At first she liked that; who wouldn’t like a boyfriend whose hobbies didn’t include breaking and entering? She liked it because he was so different to all those who had been before, and after a lifetime of being dragged from one foster home to another, only to stand on the other side of the fence and watch as kids were dragged from one foster home to another, she wanted something else, something different. She wanted a man who was good and clean and pure, in a way. But soon, when the job became everything, had to become everything, he didn’t understand.
Her silent cell phone indicates that Rick feels the same. Is this what it’s going to be like, now? Silent cell phones and missed flights and endless I’m sorrys that won’t keep the bed warm at night?
“You spoke to Carlson about it?”
The look on her face gives him his answer. Right now Linden wouldn’t give their boss a glass of water if he was dying of thirst.
“So you got no idea who would break into your place?”
“I said no.” Her words come out sharper than she intends. “It has to be someone connected to the investigation.”
Holder runs his hand through his short hair. “Jesus, Linden. What the hell we got ourselves into?”
“Ya don’t have to go back to the hotel.” His hands brush hers as she helps him make the couch into a comfortable bed.
“You don’t have to give us your bed.” His couch doesn't look comfortable, but Jack's slept on worse and she's used to sleeping on the floor.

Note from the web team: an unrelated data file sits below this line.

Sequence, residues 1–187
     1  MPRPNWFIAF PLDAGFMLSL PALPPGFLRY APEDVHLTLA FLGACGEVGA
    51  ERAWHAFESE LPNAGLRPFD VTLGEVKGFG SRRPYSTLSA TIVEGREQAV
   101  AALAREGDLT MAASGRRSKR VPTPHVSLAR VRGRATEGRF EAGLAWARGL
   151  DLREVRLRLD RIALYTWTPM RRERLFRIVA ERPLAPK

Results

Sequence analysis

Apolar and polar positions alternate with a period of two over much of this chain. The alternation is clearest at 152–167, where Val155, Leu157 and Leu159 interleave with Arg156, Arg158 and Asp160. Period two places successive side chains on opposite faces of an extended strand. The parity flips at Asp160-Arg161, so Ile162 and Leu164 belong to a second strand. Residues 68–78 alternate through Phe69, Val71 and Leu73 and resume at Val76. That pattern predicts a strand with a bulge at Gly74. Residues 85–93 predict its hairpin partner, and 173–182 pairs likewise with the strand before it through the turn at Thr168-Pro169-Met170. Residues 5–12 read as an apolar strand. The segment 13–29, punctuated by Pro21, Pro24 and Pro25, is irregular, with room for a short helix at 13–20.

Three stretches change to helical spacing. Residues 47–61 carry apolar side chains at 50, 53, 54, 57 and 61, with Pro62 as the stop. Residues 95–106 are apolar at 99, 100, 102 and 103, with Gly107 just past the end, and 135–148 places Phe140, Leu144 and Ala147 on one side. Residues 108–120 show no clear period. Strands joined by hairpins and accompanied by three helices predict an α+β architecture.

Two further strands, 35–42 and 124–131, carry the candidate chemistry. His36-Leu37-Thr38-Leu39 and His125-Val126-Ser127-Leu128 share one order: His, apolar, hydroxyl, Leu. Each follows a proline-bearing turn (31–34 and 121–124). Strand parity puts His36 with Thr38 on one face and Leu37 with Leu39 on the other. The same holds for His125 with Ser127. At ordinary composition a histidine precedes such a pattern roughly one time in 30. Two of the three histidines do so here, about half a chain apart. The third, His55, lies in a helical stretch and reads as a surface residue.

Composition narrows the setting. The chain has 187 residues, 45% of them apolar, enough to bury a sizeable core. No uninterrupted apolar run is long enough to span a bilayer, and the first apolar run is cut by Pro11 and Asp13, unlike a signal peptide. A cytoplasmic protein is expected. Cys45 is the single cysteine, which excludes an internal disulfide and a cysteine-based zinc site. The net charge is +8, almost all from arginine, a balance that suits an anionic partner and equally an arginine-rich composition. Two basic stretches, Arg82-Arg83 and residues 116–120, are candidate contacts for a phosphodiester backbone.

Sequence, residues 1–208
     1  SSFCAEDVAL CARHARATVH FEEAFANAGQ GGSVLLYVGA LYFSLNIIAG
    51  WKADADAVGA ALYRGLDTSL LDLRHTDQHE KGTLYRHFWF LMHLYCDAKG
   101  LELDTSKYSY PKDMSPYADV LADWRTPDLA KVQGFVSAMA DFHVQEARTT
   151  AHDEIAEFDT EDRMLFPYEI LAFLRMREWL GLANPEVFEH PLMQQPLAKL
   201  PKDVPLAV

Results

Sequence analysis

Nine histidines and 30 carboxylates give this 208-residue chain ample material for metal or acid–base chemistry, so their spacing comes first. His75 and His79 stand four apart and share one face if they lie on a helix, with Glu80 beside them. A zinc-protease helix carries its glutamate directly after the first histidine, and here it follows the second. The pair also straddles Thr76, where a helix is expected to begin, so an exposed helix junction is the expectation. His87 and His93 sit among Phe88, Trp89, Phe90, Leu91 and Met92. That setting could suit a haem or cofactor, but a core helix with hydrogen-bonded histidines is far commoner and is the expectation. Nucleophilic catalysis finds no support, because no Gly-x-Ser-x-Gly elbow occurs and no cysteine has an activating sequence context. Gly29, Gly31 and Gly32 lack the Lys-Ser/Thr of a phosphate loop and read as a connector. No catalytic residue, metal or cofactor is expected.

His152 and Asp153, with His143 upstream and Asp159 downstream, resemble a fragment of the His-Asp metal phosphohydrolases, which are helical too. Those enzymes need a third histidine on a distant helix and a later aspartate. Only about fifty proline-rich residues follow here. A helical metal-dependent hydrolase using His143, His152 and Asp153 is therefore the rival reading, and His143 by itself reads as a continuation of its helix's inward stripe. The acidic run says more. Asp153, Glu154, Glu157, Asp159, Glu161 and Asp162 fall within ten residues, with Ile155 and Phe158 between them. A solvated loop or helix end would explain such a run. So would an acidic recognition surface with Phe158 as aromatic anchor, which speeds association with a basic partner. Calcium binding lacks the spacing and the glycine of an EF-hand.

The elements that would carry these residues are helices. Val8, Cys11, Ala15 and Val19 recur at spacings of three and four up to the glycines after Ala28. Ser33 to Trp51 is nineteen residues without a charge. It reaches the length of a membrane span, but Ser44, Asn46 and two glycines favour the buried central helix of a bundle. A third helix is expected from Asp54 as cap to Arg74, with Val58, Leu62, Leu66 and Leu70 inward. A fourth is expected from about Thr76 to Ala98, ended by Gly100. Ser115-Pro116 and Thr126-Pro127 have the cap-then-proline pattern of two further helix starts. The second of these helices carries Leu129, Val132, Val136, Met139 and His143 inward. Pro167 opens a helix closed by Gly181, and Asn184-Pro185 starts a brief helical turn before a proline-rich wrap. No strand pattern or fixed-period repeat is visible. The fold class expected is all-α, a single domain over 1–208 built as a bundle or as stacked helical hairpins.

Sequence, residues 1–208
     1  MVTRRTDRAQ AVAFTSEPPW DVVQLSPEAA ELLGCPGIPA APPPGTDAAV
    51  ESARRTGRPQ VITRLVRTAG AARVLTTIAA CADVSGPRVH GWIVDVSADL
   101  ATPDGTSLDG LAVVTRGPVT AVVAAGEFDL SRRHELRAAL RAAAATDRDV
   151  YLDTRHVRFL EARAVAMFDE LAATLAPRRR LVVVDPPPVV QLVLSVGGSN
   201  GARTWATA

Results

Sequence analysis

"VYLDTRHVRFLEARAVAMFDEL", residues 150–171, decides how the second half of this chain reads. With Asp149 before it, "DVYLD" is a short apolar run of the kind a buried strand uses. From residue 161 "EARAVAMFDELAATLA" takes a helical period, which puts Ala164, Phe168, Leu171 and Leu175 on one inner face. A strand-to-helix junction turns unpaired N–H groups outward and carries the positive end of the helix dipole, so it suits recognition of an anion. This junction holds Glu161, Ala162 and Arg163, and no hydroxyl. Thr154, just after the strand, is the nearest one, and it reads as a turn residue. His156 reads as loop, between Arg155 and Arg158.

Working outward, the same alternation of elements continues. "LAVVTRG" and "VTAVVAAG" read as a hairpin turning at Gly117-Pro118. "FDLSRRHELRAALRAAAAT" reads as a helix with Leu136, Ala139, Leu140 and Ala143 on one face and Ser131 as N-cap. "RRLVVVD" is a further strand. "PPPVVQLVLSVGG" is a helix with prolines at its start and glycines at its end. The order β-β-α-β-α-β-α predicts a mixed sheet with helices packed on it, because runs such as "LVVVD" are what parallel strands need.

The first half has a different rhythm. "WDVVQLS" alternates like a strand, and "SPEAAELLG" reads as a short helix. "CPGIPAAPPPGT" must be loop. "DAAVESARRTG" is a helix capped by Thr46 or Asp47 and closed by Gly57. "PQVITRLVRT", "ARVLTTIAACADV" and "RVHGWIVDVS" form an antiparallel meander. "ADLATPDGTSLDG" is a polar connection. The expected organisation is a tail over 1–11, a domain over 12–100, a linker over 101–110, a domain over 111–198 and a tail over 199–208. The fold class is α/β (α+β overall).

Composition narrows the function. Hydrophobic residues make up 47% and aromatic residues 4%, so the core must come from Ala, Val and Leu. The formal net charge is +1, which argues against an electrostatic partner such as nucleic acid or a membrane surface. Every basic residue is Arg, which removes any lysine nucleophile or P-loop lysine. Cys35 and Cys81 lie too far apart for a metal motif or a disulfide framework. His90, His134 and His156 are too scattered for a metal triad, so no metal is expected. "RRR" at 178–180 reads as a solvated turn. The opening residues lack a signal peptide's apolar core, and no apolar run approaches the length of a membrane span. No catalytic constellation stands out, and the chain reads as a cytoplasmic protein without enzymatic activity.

“I’m serious.” Holder’s eyes are boring into her head. “It ain’t safe there. Ya can stay here until the case is closed.”
“We’re on day nineteen – twenty.” She amends as she looks at the kitchen clock. “You really want us here for another three weeks?”
“Don’t want to have to pull your bodies outta the water, either.”
Their eyes linger on each other as they say their goodnights, him not quite willing to leave her alone with a door between them and her not quite sure she wants to hear it close behind her.
“You just holler if ya need anything.” He says.
She nods. “I will.”
She jumps when his hand finds its way to her shoulder and squeezes it reassuringly. “We’ll catch this guy, Linden.” He says.
He rarely touches her. She imagines its hard for him; his handshakes with Jack are drawn-out and elaborate and encompass the whole body. He's always moving, always animated. Sometimes she knows that he wants to touch her and offer her comfort but he doesn't until now, not since that awful day when Linden had been convinced that her son was dead and had broke down in front of him. He'd been there then, and he's here now.
She leaves the door ajar when she finally retreats to bed; more ajar than it is open.
It’s comforting, listening to him move around in the next room. She’s forgotten what it’s like to share her space with another adult. She’s beginning to wonder if she ever knew how.
His bedsheets are soft in that way that comes from being slept in several times, and his scent is on the pillows, infused with the smell of cigarettes that she inhales like a junkie needing a fix. It’s comforting, being here, surrounded by his scent like a blanket of trust. Despite everything that has happened between them, she knows that he’ll keep her safe, that he’ll keep her son safe. And as she has to keep reminding herself, sometimes even the strongest need help. In fact, sometimes admitting that you need help is strength in itself.
So she lies in Holder’s bed, his comforter wrapped as tight as it will go around her body, his scent surrounding her, and falls asleep to the sounds of his breathing through the ajar door.